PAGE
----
COMMUNITY ANGEL: Retired Newmarket teacher delivers books, gains friendship in return | #teacher | #children | #kids

Newmarket Public Library volunteer Elaine Adams goes ‘above and beyond’ delivering books to individuals who aren’t able to get to the library

NewmarketToday continues its annual tradition of marking the giving season by celebrating Newmarket’s Community Angels — the people whose kindness, compassion and community spirit help make our town one of the best to live in the country.

Elaine Adam loves books. She loves reading them and she loves talking about them. When she saw a posting for volunteers with the Newmarket Public Library’s homebound library service, she thought it would be the perfect way to give back.

The Newmarket resident never expected to make a new friend in the process.

“She’s very enthusiastic about it (volunteering). She has a real passion for helping seniors especially and helping people who are in isolation,” said Aislinn Lothian, volunteer services coordinator at the Newmarket Public Library

Adam was assigned to deliver books every six weeks or so to Hazel, who lives in a retirement home. In her role as volunteer, she gathered books from the library and personally delivered them to Hazel.

“The love of books is a great gift to give to somebody. To be able to go into the library and pick up books and take them to someone who loves to read is very fulfilling. ”

She knew which genres and authors Hazel preferred and chose books for her. Every once in a while, said Adam, she would throw in a new author to see if Hazel liked them.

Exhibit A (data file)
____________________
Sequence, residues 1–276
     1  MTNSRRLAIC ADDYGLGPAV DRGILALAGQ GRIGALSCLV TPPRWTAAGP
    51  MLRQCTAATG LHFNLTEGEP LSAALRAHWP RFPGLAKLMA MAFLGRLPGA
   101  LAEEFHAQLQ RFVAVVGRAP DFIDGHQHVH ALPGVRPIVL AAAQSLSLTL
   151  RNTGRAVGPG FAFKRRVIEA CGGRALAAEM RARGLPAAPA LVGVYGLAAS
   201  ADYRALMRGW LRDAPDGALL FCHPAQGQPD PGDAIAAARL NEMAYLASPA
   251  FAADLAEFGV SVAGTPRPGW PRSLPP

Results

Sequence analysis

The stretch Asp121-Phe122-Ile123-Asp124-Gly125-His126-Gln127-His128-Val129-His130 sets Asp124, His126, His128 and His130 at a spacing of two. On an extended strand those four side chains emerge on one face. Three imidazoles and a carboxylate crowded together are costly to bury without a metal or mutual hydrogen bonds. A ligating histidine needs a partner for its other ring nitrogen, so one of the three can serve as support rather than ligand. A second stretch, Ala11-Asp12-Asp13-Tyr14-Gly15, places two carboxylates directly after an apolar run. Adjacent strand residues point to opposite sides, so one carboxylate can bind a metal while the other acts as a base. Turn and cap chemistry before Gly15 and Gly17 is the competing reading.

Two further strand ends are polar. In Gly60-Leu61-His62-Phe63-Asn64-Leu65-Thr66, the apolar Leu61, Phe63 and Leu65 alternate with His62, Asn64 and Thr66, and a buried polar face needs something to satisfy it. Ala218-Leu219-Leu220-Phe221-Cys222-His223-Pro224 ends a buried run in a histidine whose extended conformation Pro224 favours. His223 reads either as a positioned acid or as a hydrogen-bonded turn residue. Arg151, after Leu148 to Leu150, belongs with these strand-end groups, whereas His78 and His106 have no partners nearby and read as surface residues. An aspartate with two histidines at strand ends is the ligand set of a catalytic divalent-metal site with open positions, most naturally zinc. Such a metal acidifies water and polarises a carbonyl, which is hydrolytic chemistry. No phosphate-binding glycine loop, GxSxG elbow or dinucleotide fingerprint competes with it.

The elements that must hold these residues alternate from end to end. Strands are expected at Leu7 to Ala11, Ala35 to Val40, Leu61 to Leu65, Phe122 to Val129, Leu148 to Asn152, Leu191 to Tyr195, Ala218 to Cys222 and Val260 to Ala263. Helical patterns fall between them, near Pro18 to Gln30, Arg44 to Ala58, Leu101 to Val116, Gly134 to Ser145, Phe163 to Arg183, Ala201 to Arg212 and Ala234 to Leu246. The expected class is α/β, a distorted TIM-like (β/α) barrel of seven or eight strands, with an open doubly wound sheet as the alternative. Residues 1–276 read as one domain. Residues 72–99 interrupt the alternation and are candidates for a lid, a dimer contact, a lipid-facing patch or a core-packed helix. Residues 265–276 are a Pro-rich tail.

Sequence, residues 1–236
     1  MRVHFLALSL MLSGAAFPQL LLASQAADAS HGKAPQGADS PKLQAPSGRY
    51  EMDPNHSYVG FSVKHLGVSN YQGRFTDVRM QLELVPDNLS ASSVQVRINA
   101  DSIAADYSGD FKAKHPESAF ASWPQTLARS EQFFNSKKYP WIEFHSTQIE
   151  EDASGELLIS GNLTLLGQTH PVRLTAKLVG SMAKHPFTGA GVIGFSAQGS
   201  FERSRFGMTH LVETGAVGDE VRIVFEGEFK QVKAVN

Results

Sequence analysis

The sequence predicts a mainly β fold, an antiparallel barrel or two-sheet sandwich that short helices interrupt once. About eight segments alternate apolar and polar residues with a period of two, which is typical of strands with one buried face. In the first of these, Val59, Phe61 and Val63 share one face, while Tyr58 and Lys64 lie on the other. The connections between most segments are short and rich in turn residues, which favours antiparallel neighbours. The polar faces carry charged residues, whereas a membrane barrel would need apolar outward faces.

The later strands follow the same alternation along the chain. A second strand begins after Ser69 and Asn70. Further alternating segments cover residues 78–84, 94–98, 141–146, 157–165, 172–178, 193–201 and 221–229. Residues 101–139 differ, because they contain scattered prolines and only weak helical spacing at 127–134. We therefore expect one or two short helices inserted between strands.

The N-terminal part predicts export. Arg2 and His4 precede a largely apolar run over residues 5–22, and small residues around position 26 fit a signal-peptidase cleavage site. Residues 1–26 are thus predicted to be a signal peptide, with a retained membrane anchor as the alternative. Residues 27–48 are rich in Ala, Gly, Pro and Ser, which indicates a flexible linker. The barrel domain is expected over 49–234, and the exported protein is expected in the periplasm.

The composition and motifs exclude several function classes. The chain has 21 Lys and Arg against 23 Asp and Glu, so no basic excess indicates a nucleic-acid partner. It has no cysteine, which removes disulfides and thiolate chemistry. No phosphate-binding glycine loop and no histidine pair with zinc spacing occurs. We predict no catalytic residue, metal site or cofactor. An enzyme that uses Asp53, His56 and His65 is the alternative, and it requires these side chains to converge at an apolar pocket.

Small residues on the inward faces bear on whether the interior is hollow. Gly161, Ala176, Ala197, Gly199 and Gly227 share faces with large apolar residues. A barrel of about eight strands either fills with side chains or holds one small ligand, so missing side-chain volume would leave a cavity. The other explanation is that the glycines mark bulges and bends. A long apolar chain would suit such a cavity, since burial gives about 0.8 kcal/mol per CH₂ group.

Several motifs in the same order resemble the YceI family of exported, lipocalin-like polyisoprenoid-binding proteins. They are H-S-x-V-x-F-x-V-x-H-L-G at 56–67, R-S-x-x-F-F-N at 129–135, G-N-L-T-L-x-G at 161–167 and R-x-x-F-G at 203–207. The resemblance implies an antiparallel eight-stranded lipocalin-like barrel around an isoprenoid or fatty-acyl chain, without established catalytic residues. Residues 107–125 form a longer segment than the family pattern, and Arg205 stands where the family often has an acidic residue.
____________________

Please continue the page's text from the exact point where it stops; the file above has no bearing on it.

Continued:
Adam didn’t just deliver the books. She visited with Hazel and got to know her. They discussed books and formed a friendship.  

Shortly after she began volunteering, the pandemic hit and Adam wasn’t able to visit with Hazel anymore.

“I started with a new friendship with this lovely person in a retirement home and all of a sudden with COVID, I couldn’t visit with her anymore to take her books. Everything just shut right down.”

Though the library was closed, Adam decided to continue her friendship with Hazel and the two began to speak on the phone regularly.

“We just sit and chat . . . I love listening to her stories. We’ll talk about the news. I talk a little bit about what’s going on in my life. We’ll just sit and chitchat the way two friends chitchat,” said Adam.  

“She really recognized that there is that sense of isolation, so she really made a point to be friendly with her and talk to her and see how she was doing, which is kind of like above and beyond what the volunteers would normally do,” said Lothian.

Now that the library has resumed the service, Adam has begun delivering books once again. Because of the strict policies of the retirement home, Adam drops the books off outside but isn’t able to visit with Hazel in person.

On several occasions, knowing that Adam was set to arrive, Hazel stood in the foyer so the two could wave at each other.

During one of their phone conversations, Hazel mentioned another woman in the retirement home who was interested in being part of the program. Now Adam delivers to both of them.

“I thought, ‘Well, gee, this is easy. I can easily do two people’ and I can’t wait to meet the second lady but I haven’t been able to get in to see her.” 

Adam said she benefits from volunteering just as much as Hazel. In getting to know Hazel, she has been exposed to new authors she hadn’t heard of and has made a lasting friendship.

“When I deliver the books I like to do more than just hand the book and leave. I like to sit down and have a bit of a visit. I feel that I’ve made a friend and I’d just like to get back to visit her again,” she said.  

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